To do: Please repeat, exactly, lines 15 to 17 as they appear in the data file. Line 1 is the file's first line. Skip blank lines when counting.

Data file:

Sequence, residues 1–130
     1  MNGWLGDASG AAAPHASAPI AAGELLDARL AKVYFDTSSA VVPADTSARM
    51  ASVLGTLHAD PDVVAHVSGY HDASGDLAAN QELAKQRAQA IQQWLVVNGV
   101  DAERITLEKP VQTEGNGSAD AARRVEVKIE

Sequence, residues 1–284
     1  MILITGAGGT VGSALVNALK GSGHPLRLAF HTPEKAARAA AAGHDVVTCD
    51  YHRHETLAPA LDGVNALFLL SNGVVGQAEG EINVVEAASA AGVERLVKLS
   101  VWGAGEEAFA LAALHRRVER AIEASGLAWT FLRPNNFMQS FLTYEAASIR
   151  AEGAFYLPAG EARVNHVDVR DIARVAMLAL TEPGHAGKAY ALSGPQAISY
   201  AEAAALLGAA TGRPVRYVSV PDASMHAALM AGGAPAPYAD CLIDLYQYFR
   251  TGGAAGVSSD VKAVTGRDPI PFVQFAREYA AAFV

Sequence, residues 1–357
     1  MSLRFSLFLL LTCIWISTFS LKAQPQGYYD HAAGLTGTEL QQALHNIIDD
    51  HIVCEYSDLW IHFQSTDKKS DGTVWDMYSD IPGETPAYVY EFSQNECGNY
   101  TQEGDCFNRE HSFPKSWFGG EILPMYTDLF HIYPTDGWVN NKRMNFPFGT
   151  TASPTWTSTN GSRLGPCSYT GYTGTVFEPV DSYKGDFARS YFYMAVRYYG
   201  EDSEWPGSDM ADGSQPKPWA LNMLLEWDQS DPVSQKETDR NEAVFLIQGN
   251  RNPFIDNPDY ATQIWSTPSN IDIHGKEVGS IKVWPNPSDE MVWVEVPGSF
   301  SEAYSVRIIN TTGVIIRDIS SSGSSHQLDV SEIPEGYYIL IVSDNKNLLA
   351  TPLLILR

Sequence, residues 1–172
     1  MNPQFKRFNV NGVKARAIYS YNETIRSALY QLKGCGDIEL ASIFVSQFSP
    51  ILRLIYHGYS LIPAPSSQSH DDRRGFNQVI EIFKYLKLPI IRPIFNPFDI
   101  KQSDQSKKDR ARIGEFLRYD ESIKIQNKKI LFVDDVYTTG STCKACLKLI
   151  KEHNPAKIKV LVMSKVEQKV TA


   101  TQEGDCFNRE HSFPKSWFGG EILPMYTDLF HIYPTDGWVN NKRMNFPFGT
   151  TASPTWTSTN GSRLGPCSYT GYTGTVFEPV DSYKGDFARS YFYMAVRYYG
   201  EDSEWPGSDM ADGSQPKPWA LNMLLEWDQS DPVSQKETDR NEAVFLIQGN